Mt Goliath Research Natural Area is located three miles south of Echo Lake on the Mt. Evans road and a short 35-mile-drive from Denver. This 160-acre area is home to over 250 species of alpine and subalpine wildflowers as well as a grove of bristlecone pines that is over 1,500 years old. A trail through this area was established in 1962 in a joint venture between the Denver Botanic Gardens and the U.S. Forest Service. It begins in a subalpine plant zone at 11,540 feet and extends up into alpine tundra at 12,152 feet. It is accessible from both the nature center at the bottom and from the Mount Evans Road at the top, although parking for the latter is more restricted. Extensive use by the public had caused sections of this trail to fall into disrepair and few guided tours were offered in the early years.
In 1996, the Garden Club of Denver joined in the partnership between Denver Botanic Gardens and the U.S. Forest Service. Members worked with Volunteers for Outdoor Colorado to make trail improvements, which they also helped fund. We helped organize training sessions for docents so that the Denver Botanic Gardens was able to set up tri-weekly tours of the trail during the summer months. The Garden Club also prepared wildflower brochures identifying many of the alpine plants and herbaria sheets classifying the native wildflowers. In a more recent project, members joined DBG staff in collecting alpine wildflower and grass seeds from the natural areas above the Nature Center and helped in the reseeding of the incline below the new parking lot.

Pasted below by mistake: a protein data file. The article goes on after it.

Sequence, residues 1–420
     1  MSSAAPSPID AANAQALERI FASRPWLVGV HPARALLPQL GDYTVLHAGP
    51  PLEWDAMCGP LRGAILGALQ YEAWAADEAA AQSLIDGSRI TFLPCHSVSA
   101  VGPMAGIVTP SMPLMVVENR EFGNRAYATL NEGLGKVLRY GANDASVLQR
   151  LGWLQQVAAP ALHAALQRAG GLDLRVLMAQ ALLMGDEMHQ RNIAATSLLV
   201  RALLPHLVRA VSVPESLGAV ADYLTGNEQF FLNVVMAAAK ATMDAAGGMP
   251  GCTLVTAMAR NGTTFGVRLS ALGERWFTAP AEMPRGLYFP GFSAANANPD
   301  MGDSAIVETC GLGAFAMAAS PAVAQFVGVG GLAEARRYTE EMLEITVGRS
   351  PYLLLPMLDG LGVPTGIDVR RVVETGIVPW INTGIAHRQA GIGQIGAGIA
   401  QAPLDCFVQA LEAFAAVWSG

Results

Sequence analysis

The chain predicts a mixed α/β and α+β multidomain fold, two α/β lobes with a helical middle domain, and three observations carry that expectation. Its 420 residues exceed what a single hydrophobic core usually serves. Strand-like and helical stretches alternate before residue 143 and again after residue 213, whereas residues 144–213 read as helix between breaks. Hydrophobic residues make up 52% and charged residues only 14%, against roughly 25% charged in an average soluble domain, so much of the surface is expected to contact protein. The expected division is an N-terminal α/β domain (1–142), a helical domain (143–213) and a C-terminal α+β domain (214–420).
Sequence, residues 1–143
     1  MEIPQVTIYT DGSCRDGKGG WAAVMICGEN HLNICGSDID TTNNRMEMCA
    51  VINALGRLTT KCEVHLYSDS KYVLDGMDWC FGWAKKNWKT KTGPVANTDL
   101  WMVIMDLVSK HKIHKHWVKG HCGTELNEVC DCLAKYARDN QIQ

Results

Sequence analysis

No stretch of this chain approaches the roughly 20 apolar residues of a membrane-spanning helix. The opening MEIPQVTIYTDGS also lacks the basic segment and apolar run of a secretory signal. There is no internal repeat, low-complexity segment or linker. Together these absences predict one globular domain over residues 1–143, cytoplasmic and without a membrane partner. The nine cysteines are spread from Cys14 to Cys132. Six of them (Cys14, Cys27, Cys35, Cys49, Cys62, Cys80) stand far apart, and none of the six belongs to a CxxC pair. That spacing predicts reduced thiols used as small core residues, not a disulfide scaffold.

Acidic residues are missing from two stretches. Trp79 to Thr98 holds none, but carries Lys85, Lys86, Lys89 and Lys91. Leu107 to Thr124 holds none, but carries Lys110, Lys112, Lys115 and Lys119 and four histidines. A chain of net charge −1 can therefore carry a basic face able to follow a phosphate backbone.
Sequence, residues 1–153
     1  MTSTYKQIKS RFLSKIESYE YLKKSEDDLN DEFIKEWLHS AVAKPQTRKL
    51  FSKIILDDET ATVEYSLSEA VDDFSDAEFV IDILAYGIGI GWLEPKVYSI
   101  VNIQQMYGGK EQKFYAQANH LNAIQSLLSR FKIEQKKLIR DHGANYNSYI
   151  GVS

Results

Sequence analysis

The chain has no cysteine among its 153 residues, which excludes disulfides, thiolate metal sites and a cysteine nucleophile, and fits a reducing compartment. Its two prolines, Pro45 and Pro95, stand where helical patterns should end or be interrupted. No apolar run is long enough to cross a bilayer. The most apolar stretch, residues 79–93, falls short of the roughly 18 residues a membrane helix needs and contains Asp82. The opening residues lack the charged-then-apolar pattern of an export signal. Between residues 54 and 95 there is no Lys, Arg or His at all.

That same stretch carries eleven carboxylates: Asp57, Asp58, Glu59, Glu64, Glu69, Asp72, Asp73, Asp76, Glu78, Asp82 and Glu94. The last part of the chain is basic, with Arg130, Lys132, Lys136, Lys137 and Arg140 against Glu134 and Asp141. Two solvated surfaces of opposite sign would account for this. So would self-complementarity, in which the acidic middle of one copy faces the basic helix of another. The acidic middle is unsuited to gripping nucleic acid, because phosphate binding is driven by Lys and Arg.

The Garden Club of Denver provided seed money to make corporate and foundation appeals, and was also awarded $5000 from the Founder’s Fund of the Garden Club of America. The club raised funds that helped in the planning and construction of a rock-and-timber structure, which houses an interpretive exhibit for conservation education at Mt. Goliath. The Dos Chappell Nature Center – named for the late founder and a driving spirit of Volunteers for Outdoor Colorado — contains excellent exhibits on plant adaptation to the harsh environments of the sub-alpine and alpine tundra. The total amount of financial support GCD provided for this project was over $43,000.
The Garden Club of Denver is extremely proud of its work on the Mount Goliath Nature Center and Research Area. It provides an important outdoor experience and education for many visitors, many of whom might not otherwise find themselves in this extraordinary but fragile alpine environment.
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